Abstract: The theme of homonoia plays an important role in late-5th century anti-democratic propaganda, alongside the themes of peace, of soteria, and of the elusive “constitution of the fathers”. The democratic Thrasybulus reacts to this propaganda by means of the re-appropriation of its terminology with a democratic take on things. Starting from the time of the counter-revolution in Samos, Thrasybulus rekindled the theme of homonoia in close relation to the concept of demokratia and to the oath me mnesikakein, “not to remember past wrongs”. Thrasybulus, in other words, seems to carry out a sort of “resemanticization” of the term homonoia, as well of other key ideas (soteria, patrios politeia), through a relationship with the values of the democratic tradition, first of all isotes. The most effective slogans of oligarchic propaganda are thus taken over and integrated into the tools of ideology and propaganda of the democratic “party”.

Dominique Lenfant
La chute d’Anytos et la vengeance de Socrate: à propos d’une légende tenace
pp. 117-128
Abstract: Several modern historians hold that Anytos suffered a hard end, that he was banished from Athens a short time after Socrates’ death, that he escaped to Heraclea, and that he was very harshly received there, having been expelled, or even stoned, because of the part he had played in the indictment of Socrates. This was in fact the story told many centuries later by Diogenes Laertius and Themistius. However, Diogenes’ and Themistius’ story is to be considered a later invention, for the following reasons: (1) three years after Socrates’ death, Anytos was still an influential orator in Athens’ Assembly, a fact which is not coherent with Diogenes’ and Themistius’ story; (2) Xenophon, who wrote on Anytos’ misfortune after his death, alluded only to his son’s alcoholism; (3) the story of Anytos’ punishment is closely linked to the fable of the Athenian collective regret for having put Socrates to death, which is contradicted by fourth-century sources and is actually itself a later invention.

Valerio Pacelli
Il Nauplio di Astidamante (fr. 5 Snell)
pp. 129-140
Abstract: The article analyzes the content, language, style and metrics of the fr. 5 Snell of Astydamas’ Nauplius. The fragment, handed down by Stobaeus, is testimony to the traditional Greek idea that death can relieve or cancel human sufferings. Most likely, its three iambic trimeters are pronounced by Nauplius, addressing the corpse of his son Palamedes lying on the Achaean field. In the last part of the article, attention is focused on reconstructing the context in which Nauplius would have pronounced these verses.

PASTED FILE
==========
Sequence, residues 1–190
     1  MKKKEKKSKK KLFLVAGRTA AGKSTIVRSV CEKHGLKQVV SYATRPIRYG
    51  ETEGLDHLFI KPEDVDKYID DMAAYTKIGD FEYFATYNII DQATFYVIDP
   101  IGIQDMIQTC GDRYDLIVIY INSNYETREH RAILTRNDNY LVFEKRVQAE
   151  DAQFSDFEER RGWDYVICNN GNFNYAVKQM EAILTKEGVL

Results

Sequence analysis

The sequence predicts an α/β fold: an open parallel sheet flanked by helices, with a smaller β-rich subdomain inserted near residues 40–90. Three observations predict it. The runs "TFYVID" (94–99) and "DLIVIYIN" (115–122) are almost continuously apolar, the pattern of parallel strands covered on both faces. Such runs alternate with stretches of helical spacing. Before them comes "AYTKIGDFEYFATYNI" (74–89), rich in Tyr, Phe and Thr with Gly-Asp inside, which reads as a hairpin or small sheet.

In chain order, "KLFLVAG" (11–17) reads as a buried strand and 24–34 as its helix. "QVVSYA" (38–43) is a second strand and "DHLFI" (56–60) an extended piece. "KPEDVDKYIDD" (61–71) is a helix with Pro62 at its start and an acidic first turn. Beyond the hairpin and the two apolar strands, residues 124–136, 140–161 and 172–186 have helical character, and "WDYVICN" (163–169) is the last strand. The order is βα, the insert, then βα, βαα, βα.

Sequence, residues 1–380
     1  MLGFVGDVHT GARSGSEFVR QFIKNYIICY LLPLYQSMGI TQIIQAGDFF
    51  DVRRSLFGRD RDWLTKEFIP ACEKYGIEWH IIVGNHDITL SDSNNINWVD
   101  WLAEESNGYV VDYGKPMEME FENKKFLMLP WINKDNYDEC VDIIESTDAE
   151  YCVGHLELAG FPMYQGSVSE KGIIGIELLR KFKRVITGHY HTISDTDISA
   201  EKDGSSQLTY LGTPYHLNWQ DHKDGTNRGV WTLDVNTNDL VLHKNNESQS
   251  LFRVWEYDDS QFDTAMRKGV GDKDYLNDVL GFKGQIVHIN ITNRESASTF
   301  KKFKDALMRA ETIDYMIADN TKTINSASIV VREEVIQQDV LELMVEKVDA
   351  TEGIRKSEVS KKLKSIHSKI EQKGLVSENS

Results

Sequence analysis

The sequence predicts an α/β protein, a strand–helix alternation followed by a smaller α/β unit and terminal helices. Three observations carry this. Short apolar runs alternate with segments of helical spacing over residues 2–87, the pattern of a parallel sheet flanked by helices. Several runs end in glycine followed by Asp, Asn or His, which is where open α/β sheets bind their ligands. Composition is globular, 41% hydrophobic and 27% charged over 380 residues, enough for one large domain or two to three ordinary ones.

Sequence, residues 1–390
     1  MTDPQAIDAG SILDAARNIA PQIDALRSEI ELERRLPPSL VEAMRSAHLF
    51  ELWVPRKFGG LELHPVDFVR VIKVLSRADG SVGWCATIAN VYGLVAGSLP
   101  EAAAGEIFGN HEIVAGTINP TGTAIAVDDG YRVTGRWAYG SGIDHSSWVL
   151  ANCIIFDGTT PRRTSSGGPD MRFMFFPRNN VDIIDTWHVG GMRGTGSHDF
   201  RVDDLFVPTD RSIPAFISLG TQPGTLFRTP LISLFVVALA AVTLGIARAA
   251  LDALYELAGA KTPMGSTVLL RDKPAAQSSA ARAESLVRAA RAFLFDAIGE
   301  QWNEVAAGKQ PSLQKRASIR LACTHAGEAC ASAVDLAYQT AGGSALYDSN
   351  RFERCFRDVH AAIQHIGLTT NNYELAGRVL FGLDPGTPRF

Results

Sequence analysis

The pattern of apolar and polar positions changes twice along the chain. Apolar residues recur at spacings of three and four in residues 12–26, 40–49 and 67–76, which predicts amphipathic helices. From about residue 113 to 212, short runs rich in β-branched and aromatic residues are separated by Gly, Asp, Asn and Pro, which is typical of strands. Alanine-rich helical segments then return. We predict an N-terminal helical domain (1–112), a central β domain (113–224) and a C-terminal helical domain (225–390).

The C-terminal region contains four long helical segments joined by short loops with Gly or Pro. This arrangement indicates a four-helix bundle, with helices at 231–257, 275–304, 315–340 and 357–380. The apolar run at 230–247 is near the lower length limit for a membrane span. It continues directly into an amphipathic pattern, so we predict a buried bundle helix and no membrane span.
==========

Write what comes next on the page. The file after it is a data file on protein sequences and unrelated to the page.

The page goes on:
Guido Migliorati
Gli inizi della storiografia romana e la teoria greca della storiografia. A proposito di Q. Fabio Pittore (I parte)
pp. 141-175
Abstract: Fabius Pictor wrote his historical work in Greek, structuring it according to Hellenistic literary models. Comparison with Naevius’ contemporary epic production shows that Pictor composed his history to reflect upon the consequences of the Punic wars and the rise of Rome to world power.

Francesco Ursini
Nota sull’esegesi di Ov. Fast. 3, 697-710
pp. 177-182
Abstract: The editors of Ov. Fast. 3, 697-710 make Vesta’s speech end at v. 702. The paper suggests, on both thematic and stylistic grounds, that the goddess’ speech instead ends at v. 708.

Sara Sparagna
La spettacolarizzazione della cena in Mart. 1, 20 e 43
pp. 183-206
Abstract: The first book of Martial’s Epigrams is dominated by the theme of the theatre. In particular, the dinner epigrams 20 and 43 show the poet’s interest in the world of the performing arts.

Tiziana Privitera
Astianatte e le mura che guardano (Auson. Epitaph. 15 Green)
pp. 207-215
Abstract: The paper examines Ausonius’s epitaph 15 Green, focusing on some issues of textual criticism concerning both its style and content. It also deals with the intertextual relationship between this epigram and Seneca’s Troades, from which the character of Astyanax is taken.

Alessandro Baccarin
L’esploratore e l’intruso. Le scienze dell’antichità di fronte a Michel Foucault
pp. 217-242
Abstract: The paper illustrates the debate on Michel Foucault’s The History of Sexuality and his approach to the ancient world as documented by the courses he taught at the Collège de France in the early 1980s. The transformation of Foucault’s concept of “généalogie” into “anarchéologie”, proposed in Subjectivité et vérité (Lectures at the Collège de France, 1981-1982), enables us to read the history of sexuality from new points of view.

Virgilio Costa
Recensione di: Giuseppe Squillace, Le lacrime di Mirra. Miti e luoghi dei profumi nel mondo antico, Bologna, il Mulino (“Saggi”, 822), 2015, 297 pp.
pp. 243-246

Eugenio Lanzillotta
Recensione di: Alessandro Campus, Punico – Postpunico. Per una archeologia dopo Cartagine, Tivoli, Edizioni TORED (“Themata”, 11), 2012, xvi + 556 pp.; 16 pp. di illustrazioni.
pp. 246-251

Francesca Romana Nocchi
Recensione di: Lucia Floridi, Lucillio, Epigrammi. Introduzione, testo critico, traduzione e commento, Berlin – Boston, De Gruyter (“Texte und Kommentare”, 47), 2014, x + 662 pp.
pp. 251-256

Leopoldo Gamberale
Recensione di: Alfonso Traina, In memoriam. Ricordi e lettere, Bologna, Pàtron editore (“Edizioni e saggi universitari di filologia classica”, 69), 2015, 46 pp.
pp. 256-259

Fabio Stok
Cronache: Convegno «Paesaggi fra notte e crepuscolo» – Roma, 19-20 dicembre 2014
pp. 261-264

Eugenio Lanzillotta
Cronache: Presentazione dei nn. 3 e 4 di «Rationes Rerum» – Roma, 19 maggio 2015
pp. 264-265

Libri ricevuti
p. 267

Abstracts
pp. 269-273

Indice analitico
pp. 275-276

 

Vai alla pagina completa